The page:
Wednesday, October 14, 2009

Okehazama Tour






October 4th was a day to remember and a real treat. My friend Dohaland from Samurai Country by accident bumped into Mr. Yukio Kajino during the Nagoya Festival. I met Mr. Kajino at the Okehazama booth and told me he was going to led a walking tour of the Arimatsu Okehazama Battlefield. This was a must and I was in heaven.

The next I arrived at the reception near Arimatsu Station where Mr. Kajino gave me the Okehazama book mention in the last post as gift. I only took a quick peek, but found out right away that the book will be useful. The tour was about to start and around thirty people should up.

Mr. Kajino led the way talking about the battlefield and Okehazama's geography. He also possessed a picture of the area from the Taisho Era and was amazed how Okehazama has changed. The map above was the tour route and the pace was slow.

There were many things that were new to me as I took pictures of various locations. I did not even know when to start. Mr. Kajino continued to give information on the location of the Oda and Imagawa at various times during the battle. To my surprise, the Arimatsu location has the same landmarks as the Toyoake city location, but with Arimatsu more spread out.

I never questioned Mr. Kajino with the touchy issues, just listened and learned. He did ask me to chime in when needed which was nice. I also told him I was more familiar with the Toyoake location than the Arimatsu.

Finally the tour stopped at battlefield where it was closed off for construction. People where still able to shoot some pictures and I did as well. Mr. Kajino explained that the construction is for next year's anniversary event. He also gave a quick glimpse what the Nobunaga statue would look like.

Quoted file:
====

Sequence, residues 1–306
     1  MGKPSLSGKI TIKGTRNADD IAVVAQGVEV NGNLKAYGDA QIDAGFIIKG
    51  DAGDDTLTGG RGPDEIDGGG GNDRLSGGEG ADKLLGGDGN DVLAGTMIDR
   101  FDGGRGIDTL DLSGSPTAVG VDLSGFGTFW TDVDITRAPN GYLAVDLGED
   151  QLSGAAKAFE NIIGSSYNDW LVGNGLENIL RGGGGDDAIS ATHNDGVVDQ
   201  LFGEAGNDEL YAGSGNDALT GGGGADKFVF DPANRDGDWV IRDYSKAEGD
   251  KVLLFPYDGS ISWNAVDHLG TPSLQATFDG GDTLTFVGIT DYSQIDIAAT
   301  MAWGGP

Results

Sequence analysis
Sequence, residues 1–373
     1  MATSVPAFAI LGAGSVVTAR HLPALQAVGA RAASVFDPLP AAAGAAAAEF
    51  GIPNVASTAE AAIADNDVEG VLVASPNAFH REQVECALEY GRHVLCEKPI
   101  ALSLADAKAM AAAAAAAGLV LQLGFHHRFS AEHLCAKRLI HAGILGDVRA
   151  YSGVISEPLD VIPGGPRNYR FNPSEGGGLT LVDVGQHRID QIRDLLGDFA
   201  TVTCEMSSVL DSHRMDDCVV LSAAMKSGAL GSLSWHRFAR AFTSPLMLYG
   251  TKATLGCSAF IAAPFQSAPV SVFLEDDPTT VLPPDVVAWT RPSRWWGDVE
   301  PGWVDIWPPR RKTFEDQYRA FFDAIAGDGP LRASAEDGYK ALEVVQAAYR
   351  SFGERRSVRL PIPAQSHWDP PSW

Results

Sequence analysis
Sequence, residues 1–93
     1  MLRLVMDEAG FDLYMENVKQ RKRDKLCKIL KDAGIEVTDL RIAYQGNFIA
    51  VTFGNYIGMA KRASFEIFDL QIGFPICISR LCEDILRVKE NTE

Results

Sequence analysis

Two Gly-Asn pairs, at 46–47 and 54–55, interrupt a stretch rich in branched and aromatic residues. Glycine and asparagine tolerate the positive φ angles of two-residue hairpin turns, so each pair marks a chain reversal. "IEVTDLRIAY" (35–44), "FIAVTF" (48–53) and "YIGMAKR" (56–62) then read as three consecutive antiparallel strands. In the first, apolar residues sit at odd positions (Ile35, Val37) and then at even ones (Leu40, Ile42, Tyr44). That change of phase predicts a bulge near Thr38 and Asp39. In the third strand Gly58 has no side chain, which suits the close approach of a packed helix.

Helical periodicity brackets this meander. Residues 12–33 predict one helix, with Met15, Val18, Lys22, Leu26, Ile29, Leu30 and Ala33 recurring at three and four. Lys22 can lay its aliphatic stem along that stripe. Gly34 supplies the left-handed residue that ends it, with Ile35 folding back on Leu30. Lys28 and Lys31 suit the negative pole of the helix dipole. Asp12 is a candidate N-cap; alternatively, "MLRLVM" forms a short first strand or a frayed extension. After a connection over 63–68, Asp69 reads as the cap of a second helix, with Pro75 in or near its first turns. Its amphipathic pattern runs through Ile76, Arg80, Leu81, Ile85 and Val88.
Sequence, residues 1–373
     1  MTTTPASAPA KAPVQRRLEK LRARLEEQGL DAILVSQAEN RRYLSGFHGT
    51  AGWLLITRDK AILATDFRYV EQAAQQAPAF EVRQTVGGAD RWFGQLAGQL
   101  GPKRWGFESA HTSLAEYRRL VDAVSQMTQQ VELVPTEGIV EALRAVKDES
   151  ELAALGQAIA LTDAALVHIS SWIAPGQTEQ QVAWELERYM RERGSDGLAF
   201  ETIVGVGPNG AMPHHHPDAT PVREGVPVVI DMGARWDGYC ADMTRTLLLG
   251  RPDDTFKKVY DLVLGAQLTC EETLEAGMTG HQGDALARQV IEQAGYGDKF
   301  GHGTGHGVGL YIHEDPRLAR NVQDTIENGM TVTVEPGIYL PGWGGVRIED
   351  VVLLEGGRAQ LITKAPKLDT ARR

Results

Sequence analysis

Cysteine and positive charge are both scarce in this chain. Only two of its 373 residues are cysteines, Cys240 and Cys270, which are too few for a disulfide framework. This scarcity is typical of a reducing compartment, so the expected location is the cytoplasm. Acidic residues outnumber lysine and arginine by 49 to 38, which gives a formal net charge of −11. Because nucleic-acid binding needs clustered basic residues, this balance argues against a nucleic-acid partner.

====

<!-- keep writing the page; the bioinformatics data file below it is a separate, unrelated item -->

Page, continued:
When the tour was finally over, I was asking questions myself. How come I did not know the Arimatsu area better earlier? One reason why is the the Arimatsu's Battlefield landmarks are hidden and hard to find. Mr. Kajino asked me if I could a tour in English next year. I would if I can able to do it. If I was able to do it, then I must spend at least a couple of days where I go on the route again covering everything. Taking notes and more pictures would help as well.

I just soaked up the moment. I was like a kid in the candy store. The book he gave me will be helpful and thank him for it. Before heading back for Nagoya, Mr. Kajino and I discussed briefly about the two battlefield landmarks. I told him both are legit and should be treat as such.

I am grateful for Dohaland and Mr. Kajino's kindness. More later.

Tenka no tame!

2 comments:

Travis Belrose said...

Sounds like a great a tour. Without disturbing anyone's wa, can you mention what the "touchy issues" were? I'm curious if there is still historical debate about how the battle played out or something like that.

otsuke said...

The touchy issue is the battlefield. Is the real battlefield at Arimatsu or Toyoake City? Most historians are leaning on Arimatsu as the original site. However, the Ministry of Education declared Toyoake city as a national landmark in 1937 and the access is easier as well. You should treat both as such. Both landmarks are not moving anywhere.

I think the Arimatsu crowd know this is a problem and trying to make the Arimatsu location easier for the traveler to find. You either have to take a bus or taxi and the other landmarls near Arimatsu are harder to find.

The other problem is a debate on opinion. Frontal attack or surprise? I say surprise since my own military experience refects it and put myself in Nobunaga's shoes.

A lot of people disgree with me, but they understand where I am coming from. Once they know that I am a military man, it is a new ball game.

I am duty at the moment and can give more answers next week.